It was at this point Tilver showed her genius. Had the ordinance been left at that, it would have become a dead letter. After all, who is going to pursue poets through the courts in an attempt to recover money? Given the fact that most poets would regard mere penury as an improvement in their condition, they are almost impossible to sue.
Indeed when the legal profession noticed the extra provision Tilver had inserted in the ordinance, they did discuss the legality of it, and indeed several expressed an interest in challenging it in the courts. But as no poet was ever going to fund such a case, the case never happened and the ordinance remained on the statute book and was not struck down.
But I mentioned Tilver displayed her genius. Yes, written in the ordinance was the provision for the one alar fine to be collected by the Society of Minor Poets, ‘for the alleviation of hunger and poverty.’
Obviously we in the Society were not going to go through the courts, but we’d use every other trick we could think of to get the money that was rightfully ours. We harassed and embarrassed the guilty in the street. We had the notoriously flatulent sit next to them in places of public entertainment. Elderly women exhibiting the signs of their poverty would harangue them at length, elderly gentlemen, leaning on their walking sticks, would express a desire to horsewhip them within an inch of their worthless lives.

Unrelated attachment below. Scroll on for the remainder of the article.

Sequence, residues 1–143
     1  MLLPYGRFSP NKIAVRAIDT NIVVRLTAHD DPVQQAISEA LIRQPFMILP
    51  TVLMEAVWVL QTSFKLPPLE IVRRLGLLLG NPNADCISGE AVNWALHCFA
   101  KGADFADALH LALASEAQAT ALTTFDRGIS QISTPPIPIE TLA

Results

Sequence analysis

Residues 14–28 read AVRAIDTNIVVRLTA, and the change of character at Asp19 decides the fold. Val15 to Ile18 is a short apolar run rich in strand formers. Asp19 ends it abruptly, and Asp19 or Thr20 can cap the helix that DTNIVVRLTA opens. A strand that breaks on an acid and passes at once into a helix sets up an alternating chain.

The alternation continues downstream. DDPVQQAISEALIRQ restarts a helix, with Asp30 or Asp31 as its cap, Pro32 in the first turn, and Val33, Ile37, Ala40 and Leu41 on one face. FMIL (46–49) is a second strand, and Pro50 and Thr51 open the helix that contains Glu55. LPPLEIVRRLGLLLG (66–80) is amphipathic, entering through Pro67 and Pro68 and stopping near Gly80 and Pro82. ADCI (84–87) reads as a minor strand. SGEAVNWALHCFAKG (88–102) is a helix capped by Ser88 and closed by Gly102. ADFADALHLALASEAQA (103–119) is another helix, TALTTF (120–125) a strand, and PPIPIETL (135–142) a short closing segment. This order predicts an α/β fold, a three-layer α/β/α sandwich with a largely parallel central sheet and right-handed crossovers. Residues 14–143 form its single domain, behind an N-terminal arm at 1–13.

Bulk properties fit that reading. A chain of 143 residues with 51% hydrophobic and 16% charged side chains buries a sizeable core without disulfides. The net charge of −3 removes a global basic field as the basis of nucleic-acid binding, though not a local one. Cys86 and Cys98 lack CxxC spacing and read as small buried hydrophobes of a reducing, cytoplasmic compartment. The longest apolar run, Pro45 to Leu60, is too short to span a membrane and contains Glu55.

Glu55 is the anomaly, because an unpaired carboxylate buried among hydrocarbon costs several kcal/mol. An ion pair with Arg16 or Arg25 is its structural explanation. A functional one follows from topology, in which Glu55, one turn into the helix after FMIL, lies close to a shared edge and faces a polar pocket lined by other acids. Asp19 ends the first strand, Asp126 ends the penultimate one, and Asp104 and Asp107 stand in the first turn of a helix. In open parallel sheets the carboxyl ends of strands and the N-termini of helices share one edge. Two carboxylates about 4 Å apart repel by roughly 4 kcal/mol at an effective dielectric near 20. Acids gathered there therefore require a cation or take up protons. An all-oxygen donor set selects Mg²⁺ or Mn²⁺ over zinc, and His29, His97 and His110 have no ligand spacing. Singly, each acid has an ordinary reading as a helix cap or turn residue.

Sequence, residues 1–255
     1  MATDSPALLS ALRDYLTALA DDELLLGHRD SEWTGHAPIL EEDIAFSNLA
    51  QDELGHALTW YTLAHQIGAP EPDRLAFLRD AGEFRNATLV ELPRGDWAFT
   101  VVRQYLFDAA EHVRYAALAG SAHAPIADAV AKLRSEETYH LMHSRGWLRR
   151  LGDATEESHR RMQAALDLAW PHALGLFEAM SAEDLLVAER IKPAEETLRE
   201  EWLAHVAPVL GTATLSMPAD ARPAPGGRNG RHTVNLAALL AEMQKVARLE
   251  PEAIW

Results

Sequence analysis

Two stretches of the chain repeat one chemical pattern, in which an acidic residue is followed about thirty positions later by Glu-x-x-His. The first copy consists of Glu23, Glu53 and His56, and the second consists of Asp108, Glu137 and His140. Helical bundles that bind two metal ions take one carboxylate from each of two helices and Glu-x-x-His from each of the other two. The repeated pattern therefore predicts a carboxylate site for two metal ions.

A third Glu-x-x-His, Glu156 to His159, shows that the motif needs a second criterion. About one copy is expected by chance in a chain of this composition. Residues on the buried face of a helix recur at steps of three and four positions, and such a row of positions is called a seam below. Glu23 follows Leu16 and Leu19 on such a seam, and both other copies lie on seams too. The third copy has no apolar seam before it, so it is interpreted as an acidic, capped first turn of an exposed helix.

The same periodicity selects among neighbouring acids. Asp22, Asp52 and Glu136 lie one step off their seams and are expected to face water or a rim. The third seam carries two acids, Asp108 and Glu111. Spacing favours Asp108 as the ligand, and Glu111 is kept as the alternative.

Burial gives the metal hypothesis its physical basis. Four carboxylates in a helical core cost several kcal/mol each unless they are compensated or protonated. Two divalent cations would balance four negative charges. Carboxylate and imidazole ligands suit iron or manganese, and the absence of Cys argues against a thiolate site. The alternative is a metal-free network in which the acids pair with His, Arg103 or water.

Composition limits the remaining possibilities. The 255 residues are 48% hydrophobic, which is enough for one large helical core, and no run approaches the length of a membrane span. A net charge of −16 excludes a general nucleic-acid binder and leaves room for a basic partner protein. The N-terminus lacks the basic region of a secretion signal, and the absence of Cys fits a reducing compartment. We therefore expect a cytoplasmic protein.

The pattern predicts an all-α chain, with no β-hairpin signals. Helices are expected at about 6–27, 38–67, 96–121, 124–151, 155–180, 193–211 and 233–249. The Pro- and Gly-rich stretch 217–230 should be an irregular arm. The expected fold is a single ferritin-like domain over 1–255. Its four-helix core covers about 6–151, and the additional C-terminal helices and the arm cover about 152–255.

Tilver herself retired from the law, having achieved her end. She rediscovered herself as a painter and proved to be quite a good one, much in demand for portraits and similar studies.
And now a brief note from Jim Webster. It’s really just to inform you that I’ve just published two more collections of stories.
The first, available on kindle, is ‘Tallis Steelyard, preparing the ground, and other stories.’
More of the wit, wisdom and jumbled musings of Tallis Steelyard. Meet a vengeful Lady Bountiful, an artist who smokes only the finest hallucinogenic lichens, and wonder at the audacity of the rogue who attempts to drown a poet! Indeed after reading this book you may never look at young boys and their dogs, onions, lumberjacks or usurers in quite the same way again.
A book that plumbs the depths of degradation, from murder to folk dancing, from the theft of pastry cooks to the playing of a bladder pipe in public.
The second, available on Kindle or as a paperback, is ‘Maljie. Just one thing after another.’
Once more Tallis Steelyard chronicles the life of Maljie, a lady of his acquaintance. Discover the wonders of the Hermeneutic Catherine Wheel, marvel at the use of eye-watering quantities of hot spices. We have bell ringers, pop-up book shops, exploding sedan chairs, jobbing builders, literary criticism, horse theft and a revolutionary mob. We also discover what happens when a maiden, riding a white palfrey led by a dwarf, appears on the scene.